We have lived experience of how horses and ponies make a difference to our lives. We know how to make a difference to other people’s lives through horses.
We’ll be sharing stories from our staff, supporters, learners, Sanctuary at Home carers and volunteers of their personal experiences of how horses and ponies have made a lasting impression on their lives and how their experiences have shaped their future.
Prior to the restrictions due to the coronavirus crisis pandemic, our education team were continuing their work with young adults, who are not in full time education, training or employment, through our equine assisted vocational training and personal development programmes. One of these participants is Jacob, a fifteen-year-old, who was diagnosed with dyslexia four years ago.
Jacob’s mum Cheryl said “Whilst his primary school understood how this can interfere with learning, his secondary school lacked the relevant experience. We felt let down by the system, and like many these days, we decided to opt for home schooling. “The Sanctuary has been a lifeline and the change in Jacob has been striking. He’s always loved horses, and this has given him a real sense of belonging, of being a valued part of something so worthwhile. On top of that, it’s inspired him to plan his future. It’s giving him ideas, opening doors. It’s very positive in every way.”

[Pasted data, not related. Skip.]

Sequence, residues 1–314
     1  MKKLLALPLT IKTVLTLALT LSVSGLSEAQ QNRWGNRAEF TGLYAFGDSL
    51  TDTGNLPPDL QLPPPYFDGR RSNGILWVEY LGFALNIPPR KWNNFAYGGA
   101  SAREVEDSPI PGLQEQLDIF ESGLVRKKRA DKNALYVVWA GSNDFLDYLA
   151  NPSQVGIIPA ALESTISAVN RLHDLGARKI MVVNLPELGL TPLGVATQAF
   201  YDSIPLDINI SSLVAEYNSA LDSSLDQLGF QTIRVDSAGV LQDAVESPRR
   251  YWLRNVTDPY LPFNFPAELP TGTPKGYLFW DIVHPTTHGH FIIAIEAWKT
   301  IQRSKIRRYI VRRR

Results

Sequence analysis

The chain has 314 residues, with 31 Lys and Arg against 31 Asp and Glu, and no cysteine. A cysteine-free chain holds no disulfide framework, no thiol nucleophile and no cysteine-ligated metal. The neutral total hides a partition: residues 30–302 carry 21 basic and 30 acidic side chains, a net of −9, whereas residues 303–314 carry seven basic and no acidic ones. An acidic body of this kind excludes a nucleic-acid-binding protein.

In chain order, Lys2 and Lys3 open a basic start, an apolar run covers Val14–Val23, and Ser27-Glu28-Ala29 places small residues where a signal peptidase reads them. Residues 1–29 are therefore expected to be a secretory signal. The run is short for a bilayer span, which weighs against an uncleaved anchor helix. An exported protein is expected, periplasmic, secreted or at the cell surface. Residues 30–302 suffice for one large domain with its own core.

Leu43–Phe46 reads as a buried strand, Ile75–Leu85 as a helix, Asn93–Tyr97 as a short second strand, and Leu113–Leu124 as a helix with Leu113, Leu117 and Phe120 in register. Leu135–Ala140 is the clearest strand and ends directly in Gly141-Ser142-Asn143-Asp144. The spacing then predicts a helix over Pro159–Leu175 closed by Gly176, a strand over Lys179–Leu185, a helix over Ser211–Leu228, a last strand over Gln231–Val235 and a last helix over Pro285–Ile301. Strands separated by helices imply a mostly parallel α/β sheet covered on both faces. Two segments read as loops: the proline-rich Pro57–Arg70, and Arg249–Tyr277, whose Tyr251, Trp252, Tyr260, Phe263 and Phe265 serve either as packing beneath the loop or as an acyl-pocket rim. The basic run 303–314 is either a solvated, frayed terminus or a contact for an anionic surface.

Sanctuary at Home carer and GB Para Dressage rider, Anna-Mae Cole, recently rehomed Wilma.
Anna-Mae has CMT, a degenerative muscle wasting disease, and Cherubism.
“I started riding when I was 11 and my passion just took off from there. I completed a Level 3 Extended Diploma at Bicton College and have competed for GB in Para Dressage. I was full time in a wheelchair before I started riding horses and I owe everything to them. They are the reason I get out of bed in the morning.”